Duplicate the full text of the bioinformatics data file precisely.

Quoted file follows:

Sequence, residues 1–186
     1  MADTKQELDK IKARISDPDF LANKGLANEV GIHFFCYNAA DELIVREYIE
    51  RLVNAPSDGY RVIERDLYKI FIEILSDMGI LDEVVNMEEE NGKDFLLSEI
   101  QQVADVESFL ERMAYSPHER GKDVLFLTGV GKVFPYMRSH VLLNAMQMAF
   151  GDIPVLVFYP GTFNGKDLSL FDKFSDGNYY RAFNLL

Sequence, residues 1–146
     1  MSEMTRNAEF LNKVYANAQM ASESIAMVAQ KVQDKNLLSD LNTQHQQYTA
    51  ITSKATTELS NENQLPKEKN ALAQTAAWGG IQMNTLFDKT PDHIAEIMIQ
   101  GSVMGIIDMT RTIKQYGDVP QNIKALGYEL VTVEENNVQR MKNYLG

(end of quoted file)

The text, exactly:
Sequence, residues 1–186
     1  MADTKQELDK IKARISDPDF LANKGLANEV GIHFFCYNAA DELIVREYIE
    51  RLVNAPSDGY RVIERDLYKI FIEILSDMGI LDEVVNMEEE NGKDFLLSEI
   101  QQVADVESFL ERMAYSPHER GKDVLFLTGV GKVFPYMRSH VLLNAMQMAF
   151  GDIPVLVFYP GTFNGKDLSL FDKFSDGNYY RAFNLL

Sequence, residues 1–146
     1  MSEMTRNAEF LNKVYANAQM ASESIAMVAQ KVQDKNLLSD LNTQHQQYTA
    51  ITSKATTELS NENQLPKEKN ALAQTAAWGG IQMNTLFDKT PDHIAEIMIQ
   101  GSVMGIIDMT RTIKQYGDVP QNIKALGYEL VTVEENNVQR MKNYLG